There’s no doubt about it, food and stress are linked. And it’s not just that when you’re stressed you might eat too much, or too little, or reach for the wrong foods.
The food you eat directly affects the processes in your body, and can either stress you out or help you keep stress in check.
We talked to clinical dietitian Kathryn Munder to find out which foods matter most when it comes to managing stress. She shared these eight food groups that can impact your mental health.
Foods that reduce stress
The food you eat provides more than energy. Your body uses nutrients from food to create the chemical messengers that keep your system functioning properly.
1. High quality proteins
The hormones and neurotransmitters that make up your body’s stress response are made from the amino acids you get from protein in foods.
“If you’re not getting enough protein, you could have deficiencies in the nutrients that play a role in your mood and how your brain functions,” says Munder.
Munder recommends eggs and fatty fish like salmon, sardines and tuna to deliver a big hit of protein.
“Eggs are nature’s multivitamin because they are packed with nutrients that play a role in regulating your bodies stress response,” she says. “And fatty fish contain omega 3 fatty acids, which are very important for overall brain health.”
Lean proteins like chicken, turkey, tofu and beans also can help you keep your protein intake high.
Herbal teas like chamomile and peppermint have a stress-reducing nutrient called L-theanine.
L-theanine is an amino acid that produces a calming effect by supporting brain chemicals that reduce anxiety.
It’s also found in green teas, where it combines with small amounts of caffeine to boost concentration.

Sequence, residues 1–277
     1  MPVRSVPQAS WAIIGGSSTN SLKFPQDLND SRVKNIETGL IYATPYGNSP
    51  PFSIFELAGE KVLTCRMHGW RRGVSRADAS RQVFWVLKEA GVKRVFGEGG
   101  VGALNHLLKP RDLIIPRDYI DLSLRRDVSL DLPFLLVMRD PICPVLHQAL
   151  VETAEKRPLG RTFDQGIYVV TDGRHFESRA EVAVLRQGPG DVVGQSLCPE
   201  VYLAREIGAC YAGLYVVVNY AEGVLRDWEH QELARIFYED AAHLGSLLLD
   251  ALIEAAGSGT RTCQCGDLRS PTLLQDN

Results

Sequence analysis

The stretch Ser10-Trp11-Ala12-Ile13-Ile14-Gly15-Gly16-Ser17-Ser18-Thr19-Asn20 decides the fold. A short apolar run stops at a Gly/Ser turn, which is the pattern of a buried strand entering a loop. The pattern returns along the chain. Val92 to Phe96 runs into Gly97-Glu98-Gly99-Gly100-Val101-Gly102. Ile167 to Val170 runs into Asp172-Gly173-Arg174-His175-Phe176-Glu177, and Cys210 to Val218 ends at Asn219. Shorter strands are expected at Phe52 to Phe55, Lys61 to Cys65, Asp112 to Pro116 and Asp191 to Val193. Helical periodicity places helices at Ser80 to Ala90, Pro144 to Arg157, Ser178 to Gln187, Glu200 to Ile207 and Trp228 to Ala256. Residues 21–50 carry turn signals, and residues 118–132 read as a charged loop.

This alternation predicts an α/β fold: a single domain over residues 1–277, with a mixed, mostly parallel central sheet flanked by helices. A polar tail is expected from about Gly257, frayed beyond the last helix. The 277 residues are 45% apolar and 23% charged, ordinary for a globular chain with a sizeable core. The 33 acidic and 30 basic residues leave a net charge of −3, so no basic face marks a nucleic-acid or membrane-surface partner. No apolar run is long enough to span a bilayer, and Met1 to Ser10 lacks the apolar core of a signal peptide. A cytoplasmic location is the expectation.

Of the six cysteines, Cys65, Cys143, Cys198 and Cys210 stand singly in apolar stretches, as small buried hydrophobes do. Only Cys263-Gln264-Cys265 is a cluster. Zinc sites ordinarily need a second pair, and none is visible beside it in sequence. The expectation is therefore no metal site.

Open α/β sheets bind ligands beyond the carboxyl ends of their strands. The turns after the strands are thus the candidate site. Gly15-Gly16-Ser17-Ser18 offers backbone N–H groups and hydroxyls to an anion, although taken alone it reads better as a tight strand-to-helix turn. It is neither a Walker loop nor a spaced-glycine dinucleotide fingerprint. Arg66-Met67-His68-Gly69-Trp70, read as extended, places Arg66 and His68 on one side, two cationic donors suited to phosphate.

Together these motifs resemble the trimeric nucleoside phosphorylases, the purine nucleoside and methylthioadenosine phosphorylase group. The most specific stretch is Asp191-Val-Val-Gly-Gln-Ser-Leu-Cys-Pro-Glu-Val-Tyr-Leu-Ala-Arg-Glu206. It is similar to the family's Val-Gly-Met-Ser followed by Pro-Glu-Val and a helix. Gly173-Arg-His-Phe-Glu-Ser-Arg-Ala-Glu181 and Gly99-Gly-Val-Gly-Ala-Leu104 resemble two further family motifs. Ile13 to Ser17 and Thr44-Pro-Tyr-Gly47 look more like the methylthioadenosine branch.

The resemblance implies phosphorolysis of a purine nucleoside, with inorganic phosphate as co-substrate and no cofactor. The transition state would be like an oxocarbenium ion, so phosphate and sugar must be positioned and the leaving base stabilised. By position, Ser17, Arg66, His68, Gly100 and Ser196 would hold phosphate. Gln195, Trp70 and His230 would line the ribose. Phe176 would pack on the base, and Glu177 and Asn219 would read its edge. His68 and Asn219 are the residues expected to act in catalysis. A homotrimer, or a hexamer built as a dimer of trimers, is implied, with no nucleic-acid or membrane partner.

“In green tea, it can balance out the stimulant or anxiety effect from the caffeine,” says Munder.
3. Probiotic, prebiotic and fermented foods
Probiotic and fermented foods help to keep the bacteria in your digestive system balanced. This is important for reducing stress because one of the key mood-boosting hormones is made in your gut.
“Around 90% of your body’s serotonin is made in the GI tract, so having a healthy gut is really important,” says Munder. “We need serotonin because it increases feelings of happiness and well-being.”
Foods like Greek yogurt, kombucha tea and sauerkraut all naturally promote a healthy gut.
When it comes to probiotic supplements, Munder says there’s still a lot we don’t know.
“Probiotic supplements generally seem to be safe and may provide benefit,” says Munder. “But probiotic foods provide more benefit because they contain other components that help protect the bacteria. For example, the dairy portion of yogurt can help to protect the bacteria from your stomach acid so that it can survive long enough to get to your large intestine.”
High fiber foods like fruits, veggies, whole grains, beans and legumes contain “prebiotics,” which also feed the healthy bacteria in your GI tract.
4. Foods high in magnesium
When it comes to reducing stress, sleep is key. And magnesium has been shown to help with sleep, as well as for reducing anxiety.
Magnesium is found in a wide variety of foods from leafy green vegetables, to salmon and even dark chocolate.